t’s worth taking a minute to talk about Wahlstrom’s shot, a furiously angry wrister that gobbles up opposing goalies. Countless draft scouts and writers have tried to sum it up, but it always seems to be described in a different way. His coach in Michigan, the U-18’s Seth Appert, argued it’s a “one-timer that—already—is up there with some of the better ones in the National Hockey League.” Prospect writer Scott Wheeler uses the term “heavy shot,” which is a shot that’s hard for a goalie to control, because it’s “a directional shot that comes off the blade with a lot of spin.”
There’s one play that both Appert and Wheeler were floored by. It came in the Five Nations Tournament, where Wahlstrom’s U.S.A U-18 team competed alongside Russia, Sweden, Finland, and the Czech Republic. They were playing Sweden, in a game of particular significance, and the goal came in the midst of a three-point night for the forward. Wahlstrom had the puck at the point on a power play, and there were four Swedish players, two of his teammates, and the goalie in front of him.
It was a logjam, clear as day, but it didn’t faze the forward with undeniable strength. He calmly loaded up a shot and deftly bent it around the crowd and into the upper righthand corner of the net, just under the crossbar. It caught the Swedish goalie completely off guard, because, simply, who on earth could hit that shot without so much as a run-up? Wheeler described it as a “dead-ball goal in soccer, over the wall, without a head start.”
For Wahlstrom, shooting has been a gradual process, but one that he refined himself.
“I don’t believe in somebody teaching you how to be a robot and shoot,” he said. “My whole life I’ve just been taking a bucket of pucks in the backyard and just [shooting] and [working] on things and learning on my own.”
“You either have it or you don’t,” Wahlstrom concluded. He clearly had it, as evidenced by a 48-goal campaign in just 62 games with the U-18 team.
“My whole life I've just been taking a bucket of pucks in the backyard and just [shooting] and [working] on things and learning on my own.” - Wahlstrom
t hasn’t all been easy for Wahlstrom, though. A few months before the draft, on April 29, the Americans—the U-18 team—were playing at Traktor Ice Arena, in Chelyabinsk, Russia. They were facing Finland in the Worlds Gold Medal game, a rematch of the title game in 2017, in which the United States had claimed a 4-2 win. It hadn’t been the best tournament, though, as they’d already lost matchups with Canada and Sweden in group play, but had been able to advance on the strength of wins over Switzerland and Belarus.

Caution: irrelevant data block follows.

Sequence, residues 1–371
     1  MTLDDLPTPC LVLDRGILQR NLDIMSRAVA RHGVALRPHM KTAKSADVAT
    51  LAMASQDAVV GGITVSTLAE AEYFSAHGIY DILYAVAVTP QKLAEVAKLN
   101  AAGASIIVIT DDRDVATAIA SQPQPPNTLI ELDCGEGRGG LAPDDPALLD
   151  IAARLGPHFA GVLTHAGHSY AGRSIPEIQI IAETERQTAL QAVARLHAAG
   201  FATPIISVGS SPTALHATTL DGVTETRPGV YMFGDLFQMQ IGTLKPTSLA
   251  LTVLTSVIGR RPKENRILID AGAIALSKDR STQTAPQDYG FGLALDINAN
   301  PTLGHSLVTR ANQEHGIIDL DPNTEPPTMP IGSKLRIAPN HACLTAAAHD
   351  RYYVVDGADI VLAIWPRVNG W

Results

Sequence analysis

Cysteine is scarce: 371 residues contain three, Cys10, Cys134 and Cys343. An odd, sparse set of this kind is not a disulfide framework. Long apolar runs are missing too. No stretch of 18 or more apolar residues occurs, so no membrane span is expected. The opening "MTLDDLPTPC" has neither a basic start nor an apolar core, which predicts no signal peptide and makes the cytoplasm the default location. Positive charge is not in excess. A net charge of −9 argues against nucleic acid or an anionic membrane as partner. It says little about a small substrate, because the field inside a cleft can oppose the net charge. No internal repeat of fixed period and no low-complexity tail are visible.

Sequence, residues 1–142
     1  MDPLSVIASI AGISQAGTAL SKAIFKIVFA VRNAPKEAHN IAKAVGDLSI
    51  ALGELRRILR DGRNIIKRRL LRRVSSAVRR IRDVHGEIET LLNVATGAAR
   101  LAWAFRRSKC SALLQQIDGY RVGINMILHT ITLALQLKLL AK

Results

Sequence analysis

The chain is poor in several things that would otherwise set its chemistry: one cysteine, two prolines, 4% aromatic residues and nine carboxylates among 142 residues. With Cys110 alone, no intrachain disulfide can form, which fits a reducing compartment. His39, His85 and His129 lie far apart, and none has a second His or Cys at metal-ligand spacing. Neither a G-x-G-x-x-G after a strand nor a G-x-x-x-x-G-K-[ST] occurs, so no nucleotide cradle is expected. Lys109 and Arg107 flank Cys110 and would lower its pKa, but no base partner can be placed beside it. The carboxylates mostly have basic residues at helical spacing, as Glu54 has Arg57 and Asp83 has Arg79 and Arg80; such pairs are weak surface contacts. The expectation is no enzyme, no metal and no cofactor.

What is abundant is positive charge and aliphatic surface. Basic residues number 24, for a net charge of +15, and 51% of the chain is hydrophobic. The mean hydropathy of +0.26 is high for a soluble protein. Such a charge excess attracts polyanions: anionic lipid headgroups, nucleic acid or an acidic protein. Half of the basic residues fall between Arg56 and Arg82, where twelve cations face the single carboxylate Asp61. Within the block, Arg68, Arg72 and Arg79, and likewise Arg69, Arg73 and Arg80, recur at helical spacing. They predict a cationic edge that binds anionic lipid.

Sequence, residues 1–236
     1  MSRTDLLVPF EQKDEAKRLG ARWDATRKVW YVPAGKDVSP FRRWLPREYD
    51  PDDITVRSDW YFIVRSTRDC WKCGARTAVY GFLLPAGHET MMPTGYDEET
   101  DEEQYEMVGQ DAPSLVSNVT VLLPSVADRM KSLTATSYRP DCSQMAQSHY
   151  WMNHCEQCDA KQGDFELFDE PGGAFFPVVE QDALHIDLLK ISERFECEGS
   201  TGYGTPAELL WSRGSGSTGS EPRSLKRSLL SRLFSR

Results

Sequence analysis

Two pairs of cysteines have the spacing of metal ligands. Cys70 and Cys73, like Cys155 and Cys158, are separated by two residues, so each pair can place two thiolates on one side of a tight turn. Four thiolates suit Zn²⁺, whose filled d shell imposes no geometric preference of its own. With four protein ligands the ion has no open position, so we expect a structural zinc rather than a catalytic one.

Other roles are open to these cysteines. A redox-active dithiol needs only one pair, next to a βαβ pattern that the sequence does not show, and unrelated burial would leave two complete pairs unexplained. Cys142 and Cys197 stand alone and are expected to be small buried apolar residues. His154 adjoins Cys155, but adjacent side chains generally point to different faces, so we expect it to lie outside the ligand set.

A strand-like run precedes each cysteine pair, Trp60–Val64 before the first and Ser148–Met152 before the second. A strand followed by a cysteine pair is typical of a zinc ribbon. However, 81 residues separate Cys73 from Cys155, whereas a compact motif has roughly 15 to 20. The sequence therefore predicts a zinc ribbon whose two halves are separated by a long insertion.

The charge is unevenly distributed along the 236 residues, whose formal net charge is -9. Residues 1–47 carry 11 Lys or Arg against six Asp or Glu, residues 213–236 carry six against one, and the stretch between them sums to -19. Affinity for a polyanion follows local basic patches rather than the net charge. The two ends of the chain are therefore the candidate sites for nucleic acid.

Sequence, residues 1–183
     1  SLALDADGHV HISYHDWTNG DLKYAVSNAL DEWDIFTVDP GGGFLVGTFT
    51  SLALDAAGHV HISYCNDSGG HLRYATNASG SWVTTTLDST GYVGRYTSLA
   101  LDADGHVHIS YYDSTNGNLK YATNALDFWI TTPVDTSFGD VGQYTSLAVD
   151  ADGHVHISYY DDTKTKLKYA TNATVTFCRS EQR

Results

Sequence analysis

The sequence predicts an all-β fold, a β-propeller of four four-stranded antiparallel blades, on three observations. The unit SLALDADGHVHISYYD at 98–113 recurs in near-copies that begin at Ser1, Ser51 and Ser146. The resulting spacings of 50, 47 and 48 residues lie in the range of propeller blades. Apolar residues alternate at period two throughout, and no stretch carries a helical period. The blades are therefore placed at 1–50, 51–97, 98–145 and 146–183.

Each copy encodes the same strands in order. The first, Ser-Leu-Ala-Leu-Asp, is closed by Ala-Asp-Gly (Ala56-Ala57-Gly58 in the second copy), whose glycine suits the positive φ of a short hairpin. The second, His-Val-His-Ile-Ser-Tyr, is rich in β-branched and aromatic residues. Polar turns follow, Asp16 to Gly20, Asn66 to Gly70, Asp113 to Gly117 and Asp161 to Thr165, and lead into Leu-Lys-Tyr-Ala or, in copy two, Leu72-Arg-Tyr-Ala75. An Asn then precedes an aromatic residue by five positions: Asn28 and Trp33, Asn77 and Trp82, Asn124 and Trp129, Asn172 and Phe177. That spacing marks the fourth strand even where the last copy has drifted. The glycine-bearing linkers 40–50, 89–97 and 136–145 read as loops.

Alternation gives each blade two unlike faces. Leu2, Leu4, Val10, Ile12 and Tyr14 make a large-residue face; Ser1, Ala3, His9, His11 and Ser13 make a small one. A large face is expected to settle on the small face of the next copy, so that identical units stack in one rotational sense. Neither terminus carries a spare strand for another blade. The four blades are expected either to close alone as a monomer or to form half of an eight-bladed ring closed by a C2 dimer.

Wahlstrom had been clicking on all cylinders, though, as he’d already scored twice against Canada, had a power play goal versus Sweden, and finished off the group stage with four goals. After claiming back-to-back wins to close the group, the Americans picked up the pace, and Wahlstrom scored in a 5-1 quarterfinal win of Russia then had a goal and an assist in the semifinals to beat the Czech Republic.
The finals got off to an inglorious start, as Finland struck twice in the first to take an early lead. Fellow BC commit Patrick Giles answered with a goal, then Trevor Janicke slipped an equalizer in. Wahlstrom, meanwhile, was frustrated time and time again. He took seven shots in the first two periods, but couldn’t find the back of the net. He then was called for a tripping penalty at the start of the third, and eight minutes later, was on the ice when Finland’s Niklas Nordgren scored, giving his team a 3-2 lead.
In the final 10 minutes, Wahlstrom didn’t have a single chance. Then, right before the clock expired, he was left alone to the goalie’s right. Teammate Jack Hughes saw him and fed him for a one-timer, but somehow—despite finishing the tournament as one of arguably the best performers—he skied it up and over the net. The puck bounced to the far wall, time expired, and Wahlstrom was left staring up at the heavens in the corner of the rink as Finland’s bench emptied and sticks and gloves went flying into the air.
Wearing a Team USA sweater, with the weight of the country behind you, and missing a wide-open net that would’ve forced overtime in a gold medal game is enough to bring your confidence crumbling down. But for Wahlstrom it was just another learning moment. So, five months later, after being picked 11th overall by the New York Islanders, the outspoken forward had plenty of faith in his game, enough so to have words for the other New York franchise that had passed on him at ninth overall—the Rangers.
“I think the New York Rangers made a mistake there,” the 18-year-old said, undoubtedly fanning the flames regarding the Rangers’ selection of Russia winger Vitalia Kravtsov.
It was a confident move from Wahlstrom, just an hour or so after wrapping up his first-ever practice with the Islanders. For those who’ve watched Wahlstrom grow since his move away from home, though, it wasn’t anything unexpected.
“All the endless hours, all the equipment, all the wins and losses, all the hard work and sweat, all the gas mileage, all the memories, all the ups and all the downs felt like it culminated to that very moment in the stands hearing his name and watching him put that jersey on,” Alexandra said after the draft, before summing up the drive she’s so used to seeing her brother express. “I wasn’t surprised or shocked because I knew that Oliver could and will do absolutely anything he sets his mind to.”
ine years after scoring his viral goal, six years after leaving home, six months after a disappointing silver medal, and four months after hearing his name called in the NHL Draft, Oliver Wahlstrom is finally back in Massachusetts. The path has been one marked by plenty of goals and countless honors, but also criticism, unexpected setbacks, and adjustments to make after moving from team to team and place to place.
Now, a member of BC men’s hockey, a program that routinely exerts dominance over his father’s former alma mater—Maine—Wahlstrom will have a chance, even if he’s simply a one-and-done generational talent, to leave his mark in yet another place. And you better believe he’s not mincing his words when he lays out his hope for the 2018-19 season.
“We’re going to win championships this year—that’s the goal,” he said without a flicker of hesitation in his voice. “That’s my main focus. If you don’t win championships, what’s the point of the year? It doesn’t matter about points or stats.
“I came to college because I want to win the Beanpot, the Hockey East, and the national championship.”
Featured Image Courtesy of BC Athletics
Images Courtesy of BC Athletics, U.S. NTDP